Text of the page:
July aprons ready! Fresh corn is upon us.
Many people look forward to the month of July for different reasons, whether it’s the warm weather, vacation time, or the wide availability of fruits and vegetables. Although I always look forward to warmer weather and family vacations, one of the vegetables I thoroughly enjoy every July is corn, more specifically corn on the cob.
One of the reasons I cherish corn is because I grew up with my family growing and selling their own corn at our local farm market, Wagner’s Farm Market. Not only do we grow and sell it, but we make a celebration out of the harvest by hosting our annual corn roast. Every year, we invite friends and extended family to come and enjoy fresh corn, roasted over an open fire pit. In this 65-year tradition, our family also comes together to make corn chowder. Friends and family often enjoy the corn chowder with a pinch of salt or pepper and oyster crackers. My aunt also makes this on occasion for the restaurant attached to the farm market. Customers often enjoy corn chowder along with a deli sandwich.
Along with being tasty and satisfying, corn chowder can also help fill you up and be a great way to use other fresh ingredients such as potatoes, peppers, garlic and onions. Although in the heat of the summer your body may advise you against whipping up a hot soup, some research suggests that consuming a hot beverage or soup on a warm day can actually have a cooling effect on your body, making corn chowder an excellent way to cool off. The following recipe is from my family’s annual corn roast. For a healthier version, try replacing bacon with turkey bacon, using skim milk and keeping the salt to a minimum.
1 Tbsp butter
4 strips of bacon
½ large yellow onion, chopped
4 stalk celery, chopped
½ red bell pepper, chopped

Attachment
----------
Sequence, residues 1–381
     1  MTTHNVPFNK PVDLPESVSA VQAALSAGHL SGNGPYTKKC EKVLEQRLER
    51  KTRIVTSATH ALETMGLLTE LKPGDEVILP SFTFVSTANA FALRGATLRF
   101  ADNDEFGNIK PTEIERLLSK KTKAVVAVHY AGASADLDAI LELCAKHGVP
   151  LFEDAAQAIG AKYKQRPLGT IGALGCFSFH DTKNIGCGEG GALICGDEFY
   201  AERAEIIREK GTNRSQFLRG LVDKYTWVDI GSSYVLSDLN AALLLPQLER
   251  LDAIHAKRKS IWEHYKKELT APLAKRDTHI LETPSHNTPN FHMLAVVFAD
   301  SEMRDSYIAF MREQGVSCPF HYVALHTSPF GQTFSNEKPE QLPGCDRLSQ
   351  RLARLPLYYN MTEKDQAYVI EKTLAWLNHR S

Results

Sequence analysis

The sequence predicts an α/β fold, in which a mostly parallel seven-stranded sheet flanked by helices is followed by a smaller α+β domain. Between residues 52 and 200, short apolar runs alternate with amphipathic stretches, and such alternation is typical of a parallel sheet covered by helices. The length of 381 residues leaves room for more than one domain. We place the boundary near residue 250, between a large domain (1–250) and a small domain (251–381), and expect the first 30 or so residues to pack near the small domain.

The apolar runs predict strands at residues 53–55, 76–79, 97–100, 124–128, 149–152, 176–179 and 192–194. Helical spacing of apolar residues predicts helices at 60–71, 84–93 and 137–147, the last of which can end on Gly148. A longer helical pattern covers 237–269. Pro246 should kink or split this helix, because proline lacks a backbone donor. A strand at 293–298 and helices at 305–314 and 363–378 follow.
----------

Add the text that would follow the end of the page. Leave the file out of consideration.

1 clove garlic, chopped
3 ½ cups milk,
1 medium Yukon Gold potato, peeled and diced
Salt and Pepper to taste
3 ears of sweet corn, kernels removed from the cobs (about 2 cups)
1. In a large saucepan, melt the butter over medium heat. Add the bacon strips and fry until the bacon renders its fat, but doesn’t begin to brown, 3 or 4 minutes. Remove bacon and set aside. In the same pan, add the onion, celery, red pepper, and garlic and cook for 7-10 minutes.
2. Add the milk. Bring to a boil and reduce heat to a bare simmer. Cover the pot and cook for 30 minutes. Make sure the heat is as low as can be and still maintain a gentle simmer to prevent scalding the milk on the bottom of the pan.
3. Raise the heat, add the potatoes, salt, and pepper and bring to a simmer and reduce the heat to maintain a simmer for 15 minutes, or until potatoes are almost fork tender.
4. Meanwhile cut the bacon into small pieces and add into saucepan.
5. Raise the heat, add the corn and bring to a boil, reduce the heat, and simmer for 5 minutes.
Recipe derived from: http://www.simplyrecipes.com.
Rhianna Wagner is a summer intern with Cornell Cooperative Extension of Niagara County. Rhianna is a dietetic intern and graduate student at The State University of New York at Buffalo majoring in nutrition. Rhianna grew up in Niagara County. Cornell Cooperative Extension is an employer and educator recognized for valuing AA/EEO, protected veterans, and individuals with disabilities and provides equal program and employment opportunities.